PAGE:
Okay, I have been posting a lot lately but I think i’ve had an idea.

Okay, I have been posting a lot lately but I think i’ve had an idea.

Okay, I have been posting a lot lately but I think i’ve had an idea. Now this might be because ive been up for 26 hours but, ill go ahead and post anyway. 

Im thinking of using dungeon world to create a wild west setting, playbooks, and other stuff along those lines. Similar to Adventures on dungeon planet. Any intrest / ideas for something like this? 

Edit: I apologize for all the accidental racism. 

108 thoughts on “Okay, I have been posting a lot lately but I think i’ve had an idea.”

  1. Definite interest, yeah! There was a PBP game on the Something Awful forums a while back that ran with this setting: gunpowder weapons, vampire bandits, heists etc. Sounded really cool! They just used  any playbooks, but it’d be great to see three custom ones that the setting cries out for. Sheriff, outlaw, wanderer are some great archetypes right there!

  2. Don’t “use dungeon world”, use the PBTA engine. A western game has a lot of elements that are different from a fantasy game. And you would want to start from a western perspective and then add fantastic elements right? Not a fantasy game with some WW stuff attached right?

  3. Why dungeon world and not going for a general hack of aw? Are you sure that DW’s stats and basic moves would be good to recreate a western story?

  4. James Hawthorne And for playbooks, im thinking 6 or so. i̶n̶d̶i̶a̶n̶ ̶w̶a̶r̶r̶i̶o̶r̶( Im a bad person) Scout, Outlaw, The Law, Shaman, and 1 more TBD, aswell a compendium or 2 for each playbook

  5. Also check out the Spellslinger class.

    But one thing, fantasy and westerns have a really different story structure. Look I to these things and make your (GM) Moves and principle and agenda reflect that. Otherwise it is just dungeonworld with guns and funny hats.

  6. Christopher Stone-Bush Never really played Apocalypse world, but I will check it out and see how it fits. But I have been hacking DW for a while so its my most comfortable system. 

  7. Tim Franzke Oh and it would be. But im thinking more of a setting were magic/something weird TBD has entered the world in a sort of shadowrun type way.

  8. This is part of why I’m suggesting using AW. AW doesn’t use classes. The playbooks are archetypes. You can look at Westerns and say “these are the typical types of characters in Westerns” and then make playbooks after them.

  9. Ok, I’ll elaborate on my misgivings. 

    Moves are not just rolls, move have a strong tie to the fiction. Different AW-derived systems have different moves because they aim to create different stories. fighting someone with DW’s moves and fighting someone with AW’s moves creates entirely different scenes, because the moves push the fiction in different directions. The same is true with, for example, manipulating someone using DW’s Parley and manipulating someone in Monsterhearts. This is possibly even more true from the GM side, as fronts and similar structures focus the GM’s attentions and resources on different issues.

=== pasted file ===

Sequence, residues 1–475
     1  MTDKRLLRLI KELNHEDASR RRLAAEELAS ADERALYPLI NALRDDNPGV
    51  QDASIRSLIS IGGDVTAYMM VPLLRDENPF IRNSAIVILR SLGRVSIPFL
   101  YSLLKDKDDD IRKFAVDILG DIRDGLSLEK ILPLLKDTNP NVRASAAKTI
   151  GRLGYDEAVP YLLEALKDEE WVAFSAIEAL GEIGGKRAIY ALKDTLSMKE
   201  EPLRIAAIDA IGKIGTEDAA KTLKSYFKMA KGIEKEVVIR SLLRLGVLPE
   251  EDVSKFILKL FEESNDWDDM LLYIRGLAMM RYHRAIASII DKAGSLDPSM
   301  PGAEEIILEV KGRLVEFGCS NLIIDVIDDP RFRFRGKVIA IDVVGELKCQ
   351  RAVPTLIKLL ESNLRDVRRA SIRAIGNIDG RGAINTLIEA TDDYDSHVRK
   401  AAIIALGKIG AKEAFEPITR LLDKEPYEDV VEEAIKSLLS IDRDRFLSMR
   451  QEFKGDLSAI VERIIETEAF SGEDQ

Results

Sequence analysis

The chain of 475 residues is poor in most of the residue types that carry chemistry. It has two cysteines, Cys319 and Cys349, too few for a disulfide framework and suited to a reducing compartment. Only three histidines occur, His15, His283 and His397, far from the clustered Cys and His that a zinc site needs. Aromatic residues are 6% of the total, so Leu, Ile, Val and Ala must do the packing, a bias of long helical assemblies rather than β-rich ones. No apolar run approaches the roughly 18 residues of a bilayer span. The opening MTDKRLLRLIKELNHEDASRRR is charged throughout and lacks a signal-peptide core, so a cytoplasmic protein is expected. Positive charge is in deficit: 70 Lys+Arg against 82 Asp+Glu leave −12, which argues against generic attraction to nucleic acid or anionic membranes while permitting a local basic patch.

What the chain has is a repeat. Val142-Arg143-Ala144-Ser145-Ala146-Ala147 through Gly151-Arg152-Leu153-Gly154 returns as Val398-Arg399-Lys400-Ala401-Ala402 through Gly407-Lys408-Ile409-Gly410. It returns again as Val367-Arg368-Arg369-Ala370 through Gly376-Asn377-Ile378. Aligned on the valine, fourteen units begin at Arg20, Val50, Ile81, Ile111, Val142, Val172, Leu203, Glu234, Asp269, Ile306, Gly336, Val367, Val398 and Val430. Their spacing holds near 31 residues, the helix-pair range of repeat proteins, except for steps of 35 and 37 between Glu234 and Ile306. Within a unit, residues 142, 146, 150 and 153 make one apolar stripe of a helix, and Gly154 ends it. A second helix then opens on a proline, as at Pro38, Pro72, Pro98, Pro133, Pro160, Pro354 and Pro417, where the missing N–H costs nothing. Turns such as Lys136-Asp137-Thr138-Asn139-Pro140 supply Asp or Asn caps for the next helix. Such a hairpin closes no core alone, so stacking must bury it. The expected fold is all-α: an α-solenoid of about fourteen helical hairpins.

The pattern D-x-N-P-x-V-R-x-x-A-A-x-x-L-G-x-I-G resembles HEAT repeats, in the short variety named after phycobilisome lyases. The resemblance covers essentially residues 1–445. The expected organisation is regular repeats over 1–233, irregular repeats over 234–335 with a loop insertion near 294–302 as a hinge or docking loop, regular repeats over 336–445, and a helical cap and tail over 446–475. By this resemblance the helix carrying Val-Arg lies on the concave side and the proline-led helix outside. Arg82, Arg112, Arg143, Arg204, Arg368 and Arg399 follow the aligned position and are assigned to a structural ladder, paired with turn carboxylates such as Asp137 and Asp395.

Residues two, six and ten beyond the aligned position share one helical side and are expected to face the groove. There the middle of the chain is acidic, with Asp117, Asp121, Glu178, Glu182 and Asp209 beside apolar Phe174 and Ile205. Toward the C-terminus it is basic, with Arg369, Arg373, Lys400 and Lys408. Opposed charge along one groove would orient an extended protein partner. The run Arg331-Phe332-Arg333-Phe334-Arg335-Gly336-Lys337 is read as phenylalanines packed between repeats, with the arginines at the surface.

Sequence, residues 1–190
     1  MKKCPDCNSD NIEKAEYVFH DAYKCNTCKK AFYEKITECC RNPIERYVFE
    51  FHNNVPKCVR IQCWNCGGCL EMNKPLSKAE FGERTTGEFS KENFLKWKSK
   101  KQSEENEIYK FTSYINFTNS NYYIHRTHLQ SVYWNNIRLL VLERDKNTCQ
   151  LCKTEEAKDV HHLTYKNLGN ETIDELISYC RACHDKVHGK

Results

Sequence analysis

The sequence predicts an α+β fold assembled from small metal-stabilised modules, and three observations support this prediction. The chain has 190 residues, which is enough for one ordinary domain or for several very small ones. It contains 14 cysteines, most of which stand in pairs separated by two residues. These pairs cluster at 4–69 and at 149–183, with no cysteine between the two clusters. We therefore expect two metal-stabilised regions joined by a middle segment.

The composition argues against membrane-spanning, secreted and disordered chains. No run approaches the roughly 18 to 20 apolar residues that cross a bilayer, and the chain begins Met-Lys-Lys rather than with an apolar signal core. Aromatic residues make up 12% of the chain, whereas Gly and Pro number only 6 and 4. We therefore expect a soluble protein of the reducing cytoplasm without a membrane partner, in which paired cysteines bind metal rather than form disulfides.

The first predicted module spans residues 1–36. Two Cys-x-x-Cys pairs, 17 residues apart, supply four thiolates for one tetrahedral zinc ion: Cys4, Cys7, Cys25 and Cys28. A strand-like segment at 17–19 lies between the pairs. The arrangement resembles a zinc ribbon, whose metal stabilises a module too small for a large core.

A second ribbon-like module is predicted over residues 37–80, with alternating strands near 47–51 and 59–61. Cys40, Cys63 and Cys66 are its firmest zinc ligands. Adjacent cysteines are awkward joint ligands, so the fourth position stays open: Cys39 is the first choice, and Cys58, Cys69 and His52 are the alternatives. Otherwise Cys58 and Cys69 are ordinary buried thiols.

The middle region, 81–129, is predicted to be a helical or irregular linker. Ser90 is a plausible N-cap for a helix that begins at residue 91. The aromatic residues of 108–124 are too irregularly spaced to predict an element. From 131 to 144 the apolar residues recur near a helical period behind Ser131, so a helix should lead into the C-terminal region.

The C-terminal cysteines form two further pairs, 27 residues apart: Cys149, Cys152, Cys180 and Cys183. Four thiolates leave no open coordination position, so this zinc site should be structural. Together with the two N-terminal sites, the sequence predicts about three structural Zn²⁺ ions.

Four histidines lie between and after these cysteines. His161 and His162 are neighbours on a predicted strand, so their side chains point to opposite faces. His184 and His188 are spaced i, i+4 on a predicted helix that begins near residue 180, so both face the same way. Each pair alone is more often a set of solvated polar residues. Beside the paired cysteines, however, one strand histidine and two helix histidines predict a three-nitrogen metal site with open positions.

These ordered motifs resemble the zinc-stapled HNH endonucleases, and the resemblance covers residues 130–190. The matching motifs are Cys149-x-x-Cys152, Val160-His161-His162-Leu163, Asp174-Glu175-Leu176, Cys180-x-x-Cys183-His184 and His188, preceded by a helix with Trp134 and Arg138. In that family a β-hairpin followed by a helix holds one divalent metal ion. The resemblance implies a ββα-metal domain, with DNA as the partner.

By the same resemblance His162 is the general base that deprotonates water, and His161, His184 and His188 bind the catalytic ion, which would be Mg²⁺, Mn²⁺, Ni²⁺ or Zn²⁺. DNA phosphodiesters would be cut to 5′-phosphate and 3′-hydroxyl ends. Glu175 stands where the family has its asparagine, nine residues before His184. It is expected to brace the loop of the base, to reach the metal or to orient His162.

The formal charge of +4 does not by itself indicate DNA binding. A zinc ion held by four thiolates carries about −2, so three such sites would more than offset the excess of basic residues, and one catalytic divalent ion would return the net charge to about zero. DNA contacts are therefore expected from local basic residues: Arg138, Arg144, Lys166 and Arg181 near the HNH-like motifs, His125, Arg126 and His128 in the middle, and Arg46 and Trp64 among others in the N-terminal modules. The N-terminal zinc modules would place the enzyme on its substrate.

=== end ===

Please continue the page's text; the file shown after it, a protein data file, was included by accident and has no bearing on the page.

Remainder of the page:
For those of us who are very used to D&D-like fantasy adventure gaming, and who came to DW as their first Powered by the Apocalypse game, it’s easy not to notice how strongly the basic moves shape a game’s fiction, because the fiction they create is something we take for granted.

    However, a fantasy, dungeon-crawly adventure story is very different from a western story. For this reason, I believe, it would require different rules and different moves, pushing on specific tropes and situations of western fiction: I am not very expert of western, but things such as highly deadly and quick duels, tense contests of people staring down each other, maybe things about giving one’s word and making good for it. DW moves won’t give you this stuff. To be a bit extreme, they will give you a fantasy story with characters dressed up as cowboy. 

    The ability to closely mold the mechanics after a specific kind of fiction is the best feature the Powered by the Apocalypse offers. DW moves are very good at what they do – which is fantasy adventure. Trying to use them for something different would be squandering the system’s greatest potential, I think.

    On the other hand, giving AW a go (it’s actually very near to many western tropes already) and maybe creating specific mechanics to really have the tension and badassness of western movies in your games? that’s awesome! 

  10. Alberto Muti speaks pure truth. If you want to add guns to DW, then all you need is a gunslinger class. If you want to make a Western hack, then you’re going to be building this from the ground up with moves that push the fiction to emulate Westerns.

  11. Christopher Stone-Bush Ive got my work cut out for me it seems. and Tim Franzke I really dont know how I tripped over myself so many times, im usually so much better about this.

  12. Alright everyone

    1) Once again sorry for the insensitivities

    2) I have read through the first hundred pages of Apocalypse world and now I see why it might be a better base.

    3) the apocalypse genre is an extension of the western so the hack shouldn’t be that hard.